Climate Change Treaties: Do They Work?
The Kyoto Protocol and the Paris Agreement are the two “Big Boy” climate change treaties from the 2000s. Have they been working as efficiently as we need them to?
The unfortunate short answer to the question above is: no. Not really anyway. In this day and age, there’s no way you can deny that the climate is changing, rapidly, and not necessarily in a positive or progressive way. The ice caps are melting, the water levels are rising, bla bla bla — you’ve heard it a million times over.
According to a report released by the IPCC (Intergovernmental Panel on Climate Change), we literally have about 12 years left until it’s mayhem and we find ourselves fighting over things which we currently consider are a constant given; fresh water, for example. If you weren’t already convinced that the planet, then the IPCC’s report should definitely have captured your interest in how we can avoid a “climate Armageddon”….However, not all hope is lost my friends, even as we continue to toss gasoline on the fire (literally in some cases)! Chances are the government from wherever you may be reading this has signed or ratified some sort of climate agreement. You know, the Kyoto Protocol? The Paris Agreement? No? Alrighty then. Let Auntie Mel tell you a thing or two of the climate treaty scene and what’s been going on.
Let’s start with the Kyoto Protocol. Drafted in — you guessed it — Kyoto, Japan, the Protocol went into force in 2005 and is divided into two parts, or “commitments”: the first ranging from 2005 to 2012, and the second from 2013 to 2020. States who agree to become parties of this agreement have set targets for how much they will reduce their carbon emissions. You know how they say “different strokes for different folks”? Well in this case, it’s “different rates for different states”. But because you’re a curious bunch (we know our audience), the average percentage cut every country was aiming for was 5%. The majority of states have signed into it, except from the USA who never did(not very surprised there to be honest, you can’t tell ‘Murica what to do), Canada who withdrew before the end of the first commitment period, and Japan, New Zealand, and Russia who have decided not to take part in the second commitment period. But wasn’t the treaty drafted in……Nevermind.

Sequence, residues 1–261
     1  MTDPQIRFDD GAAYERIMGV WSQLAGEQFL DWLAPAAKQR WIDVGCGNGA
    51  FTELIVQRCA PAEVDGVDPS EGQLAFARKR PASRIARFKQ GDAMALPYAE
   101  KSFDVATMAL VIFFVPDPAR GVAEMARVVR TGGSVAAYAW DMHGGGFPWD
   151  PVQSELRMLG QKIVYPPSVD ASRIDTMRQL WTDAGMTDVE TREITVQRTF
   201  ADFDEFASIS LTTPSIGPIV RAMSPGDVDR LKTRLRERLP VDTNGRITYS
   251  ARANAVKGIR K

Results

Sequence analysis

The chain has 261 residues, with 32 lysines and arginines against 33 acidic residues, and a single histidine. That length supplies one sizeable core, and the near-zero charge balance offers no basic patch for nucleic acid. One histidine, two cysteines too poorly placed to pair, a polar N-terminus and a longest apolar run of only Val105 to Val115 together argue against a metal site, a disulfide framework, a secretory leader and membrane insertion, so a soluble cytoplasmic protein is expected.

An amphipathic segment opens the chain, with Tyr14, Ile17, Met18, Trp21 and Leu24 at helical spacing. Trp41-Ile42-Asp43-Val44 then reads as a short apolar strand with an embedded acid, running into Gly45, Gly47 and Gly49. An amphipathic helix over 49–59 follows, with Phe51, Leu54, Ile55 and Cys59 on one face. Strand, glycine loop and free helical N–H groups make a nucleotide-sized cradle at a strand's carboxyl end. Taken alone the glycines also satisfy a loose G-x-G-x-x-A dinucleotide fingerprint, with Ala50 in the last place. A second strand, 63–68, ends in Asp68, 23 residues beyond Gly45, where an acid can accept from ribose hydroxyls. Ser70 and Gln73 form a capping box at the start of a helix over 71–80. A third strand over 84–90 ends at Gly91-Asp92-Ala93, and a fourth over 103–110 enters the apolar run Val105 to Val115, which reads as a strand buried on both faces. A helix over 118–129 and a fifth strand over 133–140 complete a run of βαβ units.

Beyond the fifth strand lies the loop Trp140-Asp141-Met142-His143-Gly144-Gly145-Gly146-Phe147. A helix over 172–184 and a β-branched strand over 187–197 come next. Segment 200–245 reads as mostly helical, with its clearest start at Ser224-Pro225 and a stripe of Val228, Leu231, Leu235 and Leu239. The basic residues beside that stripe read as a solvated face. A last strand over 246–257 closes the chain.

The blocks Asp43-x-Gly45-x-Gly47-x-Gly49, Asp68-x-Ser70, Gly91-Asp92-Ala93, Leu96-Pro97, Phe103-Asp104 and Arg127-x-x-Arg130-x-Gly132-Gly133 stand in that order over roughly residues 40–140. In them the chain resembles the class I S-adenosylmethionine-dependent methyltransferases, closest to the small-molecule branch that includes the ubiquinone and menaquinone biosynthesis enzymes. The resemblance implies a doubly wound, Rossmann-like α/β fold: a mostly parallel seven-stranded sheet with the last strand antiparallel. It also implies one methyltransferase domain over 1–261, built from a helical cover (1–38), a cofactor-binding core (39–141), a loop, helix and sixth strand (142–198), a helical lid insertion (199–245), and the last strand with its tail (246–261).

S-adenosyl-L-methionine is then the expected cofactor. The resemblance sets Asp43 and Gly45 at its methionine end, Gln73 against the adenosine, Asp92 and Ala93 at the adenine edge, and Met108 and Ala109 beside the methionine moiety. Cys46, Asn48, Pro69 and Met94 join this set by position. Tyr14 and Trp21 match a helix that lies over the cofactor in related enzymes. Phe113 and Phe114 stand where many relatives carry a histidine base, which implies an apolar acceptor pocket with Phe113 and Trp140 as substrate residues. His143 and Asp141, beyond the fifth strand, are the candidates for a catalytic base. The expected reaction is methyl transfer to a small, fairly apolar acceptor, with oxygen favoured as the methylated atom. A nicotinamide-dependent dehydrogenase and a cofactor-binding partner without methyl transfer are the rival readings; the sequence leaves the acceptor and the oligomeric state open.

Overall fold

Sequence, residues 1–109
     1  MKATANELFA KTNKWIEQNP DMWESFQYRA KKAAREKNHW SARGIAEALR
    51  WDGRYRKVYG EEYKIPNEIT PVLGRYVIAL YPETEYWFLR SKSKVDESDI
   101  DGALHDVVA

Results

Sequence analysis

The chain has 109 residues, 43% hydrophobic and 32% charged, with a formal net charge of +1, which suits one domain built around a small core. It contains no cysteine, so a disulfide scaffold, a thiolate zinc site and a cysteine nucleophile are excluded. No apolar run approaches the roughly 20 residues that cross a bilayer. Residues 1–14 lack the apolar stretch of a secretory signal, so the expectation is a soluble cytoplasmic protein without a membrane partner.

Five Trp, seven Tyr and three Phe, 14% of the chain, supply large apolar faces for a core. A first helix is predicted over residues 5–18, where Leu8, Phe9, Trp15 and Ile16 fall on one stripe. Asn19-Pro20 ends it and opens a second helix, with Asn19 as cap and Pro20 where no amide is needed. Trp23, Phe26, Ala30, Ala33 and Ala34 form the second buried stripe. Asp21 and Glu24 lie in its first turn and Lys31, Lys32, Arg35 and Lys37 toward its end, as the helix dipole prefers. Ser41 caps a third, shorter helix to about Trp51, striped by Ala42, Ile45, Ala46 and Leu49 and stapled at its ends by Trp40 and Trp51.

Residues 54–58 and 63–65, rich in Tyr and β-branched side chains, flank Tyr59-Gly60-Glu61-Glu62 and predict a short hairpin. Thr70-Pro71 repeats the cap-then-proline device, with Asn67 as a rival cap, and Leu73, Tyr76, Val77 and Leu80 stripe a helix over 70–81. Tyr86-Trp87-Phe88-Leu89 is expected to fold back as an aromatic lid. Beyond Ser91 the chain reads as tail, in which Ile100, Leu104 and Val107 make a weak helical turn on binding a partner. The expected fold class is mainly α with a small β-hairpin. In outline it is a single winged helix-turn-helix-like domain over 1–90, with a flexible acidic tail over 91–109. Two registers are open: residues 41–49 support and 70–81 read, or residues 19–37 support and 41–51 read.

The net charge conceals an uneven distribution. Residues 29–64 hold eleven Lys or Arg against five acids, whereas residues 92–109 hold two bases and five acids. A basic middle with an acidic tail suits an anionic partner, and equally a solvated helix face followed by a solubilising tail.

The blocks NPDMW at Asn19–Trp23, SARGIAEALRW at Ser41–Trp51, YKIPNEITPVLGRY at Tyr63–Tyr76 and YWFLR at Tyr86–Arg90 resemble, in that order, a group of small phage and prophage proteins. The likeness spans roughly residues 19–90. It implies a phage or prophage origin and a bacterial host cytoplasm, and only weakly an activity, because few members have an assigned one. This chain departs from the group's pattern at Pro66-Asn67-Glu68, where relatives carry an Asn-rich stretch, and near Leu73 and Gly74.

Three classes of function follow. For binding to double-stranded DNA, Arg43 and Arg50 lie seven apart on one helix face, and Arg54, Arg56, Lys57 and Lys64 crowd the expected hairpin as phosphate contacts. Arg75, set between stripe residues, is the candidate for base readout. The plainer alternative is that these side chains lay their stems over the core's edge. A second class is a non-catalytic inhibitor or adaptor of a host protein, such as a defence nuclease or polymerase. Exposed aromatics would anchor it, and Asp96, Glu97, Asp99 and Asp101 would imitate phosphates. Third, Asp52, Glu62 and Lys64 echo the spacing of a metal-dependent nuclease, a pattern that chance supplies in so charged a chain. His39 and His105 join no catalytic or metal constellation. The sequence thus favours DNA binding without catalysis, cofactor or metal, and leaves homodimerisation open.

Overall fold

The Kyoto Protocol first commitment period ended with a mix of successes and failures. Most European countries signatories to it saw a positive change, in that their emissions dropped. In that category, we can find countries like the UK, France, Greece, Poland, Austria, Italy, Latvia, Norway, Ukraine — you get the picture. If you’d like to see the full picture though, feel free to click riiiiiiight here.
However, because they’ve set different targets for different states, it’s not an easily comparable chart. You should also keep in mind that the Kyoto Protocol is aimed mostly at developed countries who have contributed more than significantly to the rapid change in climate we’ve experienced in the last decades (see: industrial revolution). In addition to this, the fact you can apparently pull out of the agreement kind of doesn’t make any sense, especially because it concerns something which would affect everyone regardless of age, gender, class, nationality…We’re all children of Mother Earth after all! While the first commitment of the Kyoto Protocol wasn’t an overall success, it still shone a light on the fact we need to be a united front when fighting for the climate. The clock is ticking my friends, and it’s ticking FAST.